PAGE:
Changing ‘Lion’s’ den

If “The Lion King” is missing from the grosses chart this week, it’s not because the Broadway incarnation of the global hit has abruptly run out of steam.

It was just that Disney shut down the show for a week for the final phase of its three-block move from the New Amsterdam Theater to the Minskoff.

Given its longtime residency near the summit of the top 10, “Lion King” — consistently the No. 2 earner on the Rialto, behind “Wicked” — isn’t moving for financial reasons. It’s making way for the American production of “Mary Poppins,” co-produced by Disney and Cameron Mackintosh, to go into the New Amsterdam this fall.

But won’t the move to a smaller theater jeopardize the show’s standing as one of the top-grossing residents of the Great White Way?

Not so much, it turns out. Gross potential actually will be a bit higher, with potential at the New Amsterdam around $1.14 million for 1,801 seats, vs. a possible $1.15 million for 1,597 seats at the Misnkoff. That parity is thanks in part to the Minskoff’s expansive auditorium that does not have, as the New Am does, a balcony over its mezzanine, with seats sold at higher-altitude prices.

And having 200 fewer tickets to sell for each perf can only boost demand and lengthen the lifespan of “King,” which, admittedly, shows little sign of weakening at the box office in its ninth year.

In order to shut down the show for no more than a week, the entire physical production was rebuilt in the Minskoff so that it could continue to play on the original set at the New Am.

That was expensive, acknowledges Disney Theatrical producer Thomas Schumacher, but less so than shutting down the show for a longer period.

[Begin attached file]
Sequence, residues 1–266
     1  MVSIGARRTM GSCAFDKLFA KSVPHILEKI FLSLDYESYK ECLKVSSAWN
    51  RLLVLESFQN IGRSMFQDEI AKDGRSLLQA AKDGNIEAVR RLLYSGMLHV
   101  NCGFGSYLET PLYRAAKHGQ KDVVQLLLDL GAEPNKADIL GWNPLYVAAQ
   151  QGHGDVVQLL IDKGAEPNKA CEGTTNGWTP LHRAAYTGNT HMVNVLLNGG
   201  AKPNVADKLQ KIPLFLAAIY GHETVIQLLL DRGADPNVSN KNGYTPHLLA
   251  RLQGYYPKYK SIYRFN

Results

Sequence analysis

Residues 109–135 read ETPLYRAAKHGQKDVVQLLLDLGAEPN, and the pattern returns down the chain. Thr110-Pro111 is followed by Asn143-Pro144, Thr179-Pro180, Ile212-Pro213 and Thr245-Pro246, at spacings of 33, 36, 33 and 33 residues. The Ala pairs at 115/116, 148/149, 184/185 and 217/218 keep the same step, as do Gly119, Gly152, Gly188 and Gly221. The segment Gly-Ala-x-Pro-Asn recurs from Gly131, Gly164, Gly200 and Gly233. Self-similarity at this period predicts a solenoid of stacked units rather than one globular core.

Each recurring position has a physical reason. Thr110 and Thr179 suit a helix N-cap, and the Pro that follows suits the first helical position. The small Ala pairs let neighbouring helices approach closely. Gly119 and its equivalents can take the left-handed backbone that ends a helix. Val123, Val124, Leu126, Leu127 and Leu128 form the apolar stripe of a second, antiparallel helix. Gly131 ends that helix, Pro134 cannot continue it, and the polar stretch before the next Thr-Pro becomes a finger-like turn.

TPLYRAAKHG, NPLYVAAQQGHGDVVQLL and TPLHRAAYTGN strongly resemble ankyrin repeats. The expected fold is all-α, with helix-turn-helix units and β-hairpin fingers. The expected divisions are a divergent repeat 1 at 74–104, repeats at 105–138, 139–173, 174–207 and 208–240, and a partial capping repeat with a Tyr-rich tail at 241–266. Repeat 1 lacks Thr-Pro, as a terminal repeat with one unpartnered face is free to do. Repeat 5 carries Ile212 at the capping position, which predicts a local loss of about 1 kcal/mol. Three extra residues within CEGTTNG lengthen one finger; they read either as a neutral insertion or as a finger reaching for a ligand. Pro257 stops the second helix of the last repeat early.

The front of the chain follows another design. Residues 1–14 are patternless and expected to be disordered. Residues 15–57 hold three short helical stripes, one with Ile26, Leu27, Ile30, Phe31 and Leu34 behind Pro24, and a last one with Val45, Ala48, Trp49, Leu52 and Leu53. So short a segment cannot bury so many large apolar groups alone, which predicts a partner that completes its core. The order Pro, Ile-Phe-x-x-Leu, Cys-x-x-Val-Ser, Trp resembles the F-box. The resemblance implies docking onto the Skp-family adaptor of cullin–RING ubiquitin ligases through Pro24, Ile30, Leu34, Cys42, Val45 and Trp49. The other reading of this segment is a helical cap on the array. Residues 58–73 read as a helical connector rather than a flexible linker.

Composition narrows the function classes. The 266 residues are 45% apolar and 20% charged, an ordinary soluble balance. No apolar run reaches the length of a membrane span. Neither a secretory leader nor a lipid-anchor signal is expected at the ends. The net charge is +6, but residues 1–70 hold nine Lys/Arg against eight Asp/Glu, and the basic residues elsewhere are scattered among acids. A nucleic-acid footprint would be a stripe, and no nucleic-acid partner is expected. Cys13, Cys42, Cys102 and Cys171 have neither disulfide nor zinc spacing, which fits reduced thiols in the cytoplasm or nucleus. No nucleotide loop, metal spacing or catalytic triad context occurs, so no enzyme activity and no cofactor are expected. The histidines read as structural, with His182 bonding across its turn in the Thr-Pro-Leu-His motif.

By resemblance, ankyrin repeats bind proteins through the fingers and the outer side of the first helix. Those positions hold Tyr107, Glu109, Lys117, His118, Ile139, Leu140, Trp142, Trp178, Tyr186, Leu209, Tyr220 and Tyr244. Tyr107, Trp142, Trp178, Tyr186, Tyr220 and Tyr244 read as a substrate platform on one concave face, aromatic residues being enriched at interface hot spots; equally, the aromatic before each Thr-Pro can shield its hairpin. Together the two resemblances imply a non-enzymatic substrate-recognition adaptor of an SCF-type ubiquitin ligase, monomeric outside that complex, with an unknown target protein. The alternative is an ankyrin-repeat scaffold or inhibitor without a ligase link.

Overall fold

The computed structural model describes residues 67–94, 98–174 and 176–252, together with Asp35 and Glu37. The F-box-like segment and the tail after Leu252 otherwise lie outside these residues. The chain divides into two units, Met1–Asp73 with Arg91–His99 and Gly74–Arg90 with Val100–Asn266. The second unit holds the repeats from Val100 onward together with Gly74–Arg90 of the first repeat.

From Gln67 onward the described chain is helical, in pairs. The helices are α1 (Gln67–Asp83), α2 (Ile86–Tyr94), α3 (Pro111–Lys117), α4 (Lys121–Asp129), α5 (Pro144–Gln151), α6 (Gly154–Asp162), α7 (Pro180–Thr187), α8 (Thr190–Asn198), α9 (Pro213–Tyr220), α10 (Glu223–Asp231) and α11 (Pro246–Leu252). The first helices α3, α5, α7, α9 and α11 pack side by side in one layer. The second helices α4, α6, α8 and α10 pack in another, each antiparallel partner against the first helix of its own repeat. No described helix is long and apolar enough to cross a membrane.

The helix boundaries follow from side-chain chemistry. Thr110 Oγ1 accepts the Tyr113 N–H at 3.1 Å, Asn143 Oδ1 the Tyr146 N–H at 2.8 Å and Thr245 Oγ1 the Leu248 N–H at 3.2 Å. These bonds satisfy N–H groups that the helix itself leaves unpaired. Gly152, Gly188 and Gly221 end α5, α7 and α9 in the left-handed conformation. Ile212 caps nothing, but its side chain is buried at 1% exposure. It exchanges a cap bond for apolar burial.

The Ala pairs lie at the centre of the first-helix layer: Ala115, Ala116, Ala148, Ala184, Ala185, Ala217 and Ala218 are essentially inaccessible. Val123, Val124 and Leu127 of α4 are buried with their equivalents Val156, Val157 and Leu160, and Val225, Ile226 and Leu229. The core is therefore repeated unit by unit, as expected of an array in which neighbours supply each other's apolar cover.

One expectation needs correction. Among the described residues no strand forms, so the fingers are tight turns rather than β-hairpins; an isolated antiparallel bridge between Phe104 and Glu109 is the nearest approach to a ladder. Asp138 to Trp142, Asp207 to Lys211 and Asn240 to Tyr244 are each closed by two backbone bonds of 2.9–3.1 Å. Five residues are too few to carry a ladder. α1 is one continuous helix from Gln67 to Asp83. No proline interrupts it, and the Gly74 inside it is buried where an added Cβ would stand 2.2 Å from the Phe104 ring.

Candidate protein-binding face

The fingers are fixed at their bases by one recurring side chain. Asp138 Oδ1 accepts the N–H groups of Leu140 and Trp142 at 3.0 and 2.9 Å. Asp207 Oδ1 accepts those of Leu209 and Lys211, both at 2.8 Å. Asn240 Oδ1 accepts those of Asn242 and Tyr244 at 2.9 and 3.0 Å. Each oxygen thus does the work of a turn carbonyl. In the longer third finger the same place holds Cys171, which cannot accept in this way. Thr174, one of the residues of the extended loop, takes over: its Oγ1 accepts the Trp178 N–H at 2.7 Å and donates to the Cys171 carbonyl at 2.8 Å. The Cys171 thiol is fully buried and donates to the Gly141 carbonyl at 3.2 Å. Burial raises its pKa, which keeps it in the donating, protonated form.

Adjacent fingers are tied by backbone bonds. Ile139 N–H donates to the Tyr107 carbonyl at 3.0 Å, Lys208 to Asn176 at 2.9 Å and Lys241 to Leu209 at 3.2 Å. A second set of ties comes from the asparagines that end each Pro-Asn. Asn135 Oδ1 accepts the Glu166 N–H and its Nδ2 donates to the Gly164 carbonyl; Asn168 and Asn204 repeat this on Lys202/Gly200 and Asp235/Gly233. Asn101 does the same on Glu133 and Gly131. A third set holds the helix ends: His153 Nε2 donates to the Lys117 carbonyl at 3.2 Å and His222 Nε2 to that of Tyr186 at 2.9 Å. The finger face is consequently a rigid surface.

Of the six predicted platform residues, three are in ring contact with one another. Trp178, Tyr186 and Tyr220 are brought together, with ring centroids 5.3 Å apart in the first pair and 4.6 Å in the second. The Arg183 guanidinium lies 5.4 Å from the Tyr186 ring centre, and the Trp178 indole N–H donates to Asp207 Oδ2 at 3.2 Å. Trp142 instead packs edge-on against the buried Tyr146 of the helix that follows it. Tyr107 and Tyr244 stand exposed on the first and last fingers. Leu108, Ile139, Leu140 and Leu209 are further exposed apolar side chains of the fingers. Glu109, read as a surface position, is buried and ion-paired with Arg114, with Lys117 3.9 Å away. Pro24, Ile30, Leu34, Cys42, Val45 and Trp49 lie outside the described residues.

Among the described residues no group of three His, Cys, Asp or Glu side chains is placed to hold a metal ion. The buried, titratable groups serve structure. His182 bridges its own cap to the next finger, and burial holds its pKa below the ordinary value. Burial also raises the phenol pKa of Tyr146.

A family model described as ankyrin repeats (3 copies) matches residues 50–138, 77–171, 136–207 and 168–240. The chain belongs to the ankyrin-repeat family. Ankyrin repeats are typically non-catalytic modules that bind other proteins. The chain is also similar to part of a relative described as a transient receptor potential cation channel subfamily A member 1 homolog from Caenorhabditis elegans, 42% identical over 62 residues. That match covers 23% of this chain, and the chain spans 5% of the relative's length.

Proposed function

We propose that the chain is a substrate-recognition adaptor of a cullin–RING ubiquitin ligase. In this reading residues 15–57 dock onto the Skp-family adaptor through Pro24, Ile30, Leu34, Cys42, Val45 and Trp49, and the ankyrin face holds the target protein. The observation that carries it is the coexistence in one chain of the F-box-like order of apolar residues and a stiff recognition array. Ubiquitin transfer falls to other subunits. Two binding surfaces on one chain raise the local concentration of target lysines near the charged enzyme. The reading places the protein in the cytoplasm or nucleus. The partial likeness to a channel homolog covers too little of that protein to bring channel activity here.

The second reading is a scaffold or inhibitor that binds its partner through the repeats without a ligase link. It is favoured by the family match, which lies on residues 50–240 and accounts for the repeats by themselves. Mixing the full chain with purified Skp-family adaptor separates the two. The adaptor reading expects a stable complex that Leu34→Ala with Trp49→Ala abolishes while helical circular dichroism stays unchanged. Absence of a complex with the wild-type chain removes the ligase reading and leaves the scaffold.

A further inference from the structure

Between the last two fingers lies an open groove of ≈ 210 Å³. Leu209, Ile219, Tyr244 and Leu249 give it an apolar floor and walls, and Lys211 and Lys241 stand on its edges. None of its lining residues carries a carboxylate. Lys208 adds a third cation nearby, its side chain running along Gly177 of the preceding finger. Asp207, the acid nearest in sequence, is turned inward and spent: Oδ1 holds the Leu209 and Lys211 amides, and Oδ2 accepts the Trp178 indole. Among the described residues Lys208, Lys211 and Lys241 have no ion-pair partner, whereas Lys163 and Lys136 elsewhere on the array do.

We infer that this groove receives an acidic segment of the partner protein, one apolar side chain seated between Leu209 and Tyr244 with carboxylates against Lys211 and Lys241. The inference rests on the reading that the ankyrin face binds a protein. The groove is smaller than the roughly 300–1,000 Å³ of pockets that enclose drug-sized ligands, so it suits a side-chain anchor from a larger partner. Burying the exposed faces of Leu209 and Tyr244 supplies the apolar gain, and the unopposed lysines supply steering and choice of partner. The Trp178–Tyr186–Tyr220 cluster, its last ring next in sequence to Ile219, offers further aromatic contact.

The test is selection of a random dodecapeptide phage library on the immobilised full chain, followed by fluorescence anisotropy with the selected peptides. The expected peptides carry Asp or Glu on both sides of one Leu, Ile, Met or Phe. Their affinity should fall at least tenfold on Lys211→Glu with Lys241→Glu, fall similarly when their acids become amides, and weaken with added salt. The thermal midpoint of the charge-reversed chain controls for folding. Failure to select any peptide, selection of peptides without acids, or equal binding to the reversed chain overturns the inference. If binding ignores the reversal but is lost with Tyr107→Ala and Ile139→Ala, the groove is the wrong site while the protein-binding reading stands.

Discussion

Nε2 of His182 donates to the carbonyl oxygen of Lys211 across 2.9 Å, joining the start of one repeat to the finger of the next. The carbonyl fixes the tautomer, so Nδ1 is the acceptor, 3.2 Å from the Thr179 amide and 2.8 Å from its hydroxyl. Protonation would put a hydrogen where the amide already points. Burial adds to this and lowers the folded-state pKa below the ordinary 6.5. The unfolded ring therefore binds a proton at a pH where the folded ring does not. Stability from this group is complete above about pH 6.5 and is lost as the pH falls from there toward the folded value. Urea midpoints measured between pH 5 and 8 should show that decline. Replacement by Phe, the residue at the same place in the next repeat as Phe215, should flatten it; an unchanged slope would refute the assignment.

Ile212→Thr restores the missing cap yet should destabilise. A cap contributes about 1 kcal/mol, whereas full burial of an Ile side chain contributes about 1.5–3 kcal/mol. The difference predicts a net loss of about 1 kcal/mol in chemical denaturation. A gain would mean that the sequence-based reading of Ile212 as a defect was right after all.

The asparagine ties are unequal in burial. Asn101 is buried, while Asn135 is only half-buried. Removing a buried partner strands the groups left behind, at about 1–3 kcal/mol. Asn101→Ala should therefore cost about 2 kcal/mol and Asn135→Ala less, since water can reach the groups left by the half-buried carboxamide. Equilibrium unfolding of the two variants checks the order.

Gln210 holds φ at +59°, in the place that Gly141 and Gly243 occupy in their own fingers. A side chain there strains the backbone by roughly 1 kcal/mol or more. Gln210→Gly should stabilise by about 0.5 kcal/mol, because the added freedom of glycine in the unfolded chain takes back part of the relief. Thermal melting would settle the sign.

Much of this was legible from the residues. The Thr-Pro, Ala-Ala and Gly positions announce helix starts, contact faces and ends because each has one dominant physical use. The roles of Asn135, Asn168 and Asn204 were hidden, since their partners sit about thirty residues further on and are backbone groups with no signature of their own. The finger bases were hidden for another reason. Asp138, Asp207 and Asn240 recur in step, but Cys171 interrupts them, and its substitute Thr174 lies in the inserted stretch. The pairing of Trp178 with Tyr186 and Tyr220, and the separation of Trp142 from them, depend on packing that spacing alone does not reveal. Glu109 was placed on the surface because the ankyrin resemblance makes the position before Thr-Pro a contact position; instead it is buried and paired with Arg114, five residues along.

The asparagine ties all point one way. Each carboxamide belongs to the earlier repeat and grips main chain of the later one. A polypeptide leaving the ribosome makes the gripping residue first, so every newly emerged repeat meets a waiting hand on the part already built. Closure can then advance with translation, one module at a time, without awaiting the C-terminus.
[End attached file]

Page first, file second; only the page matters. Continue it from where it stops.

And the 1973 theater’s costly renovation of its formerly bland interior — including a new paint job, new carpet and gilded sculptural decorations by designer Mariuca Brancoveanu, with a nod to the space’s 1970s provenance — was paid for by the Nederlanders.

As for the show itself, cast size and staging remain mostly unchanged.

“What’s dramatically different are the backstage entrances and exits and costume changes — the behind-the-scenes choreography,” Schumacher says.

“Lion King” bows at the Minskoff June 13.

‘Queen’ to reign at Hilton?

With the Palace Theater, the former home of “Lestat,” vacant and looking for a tenant — and the Nederlanders checking out “Mame” in D.C. this week as a possible replacement — chatter also has turned to an even larger venue, the Hilton.

The Hilton, of course, already has a tenant, “Hot Feet,” that producers plan (for the moment, anyway) to run at least through the summer. But the show got slammed by critics, and weekly grosses rarely crack $300,000 — which of course leads to speculation on the Rialto.

There’s talk, for instance, that a tuner version of “How the Grinch Stole Christmas” might steal into the Hilton for a limited holiday engagement. The show, which originated at the Old Globe in San Diego and is helmed by Old Globe a.d. Jack O’Brien (“Hairspray,” “Dirty Rotten Scoundrels”), recently scuttled plans for a brief warm-up run in Buffalo, N.Y., in November, but it remains too soon to rule out a Gotham visit. 

Another candidate for the Hilton? “The Pirate Queen,” the new mega-tuner from “Les Miserables” duo Alain Boublil and Claude-Michel Schonberg.

“Queen” has a Chicago tryout Oct. 3-Nov. 26, and word is that the show could launch at the Hilton in January.

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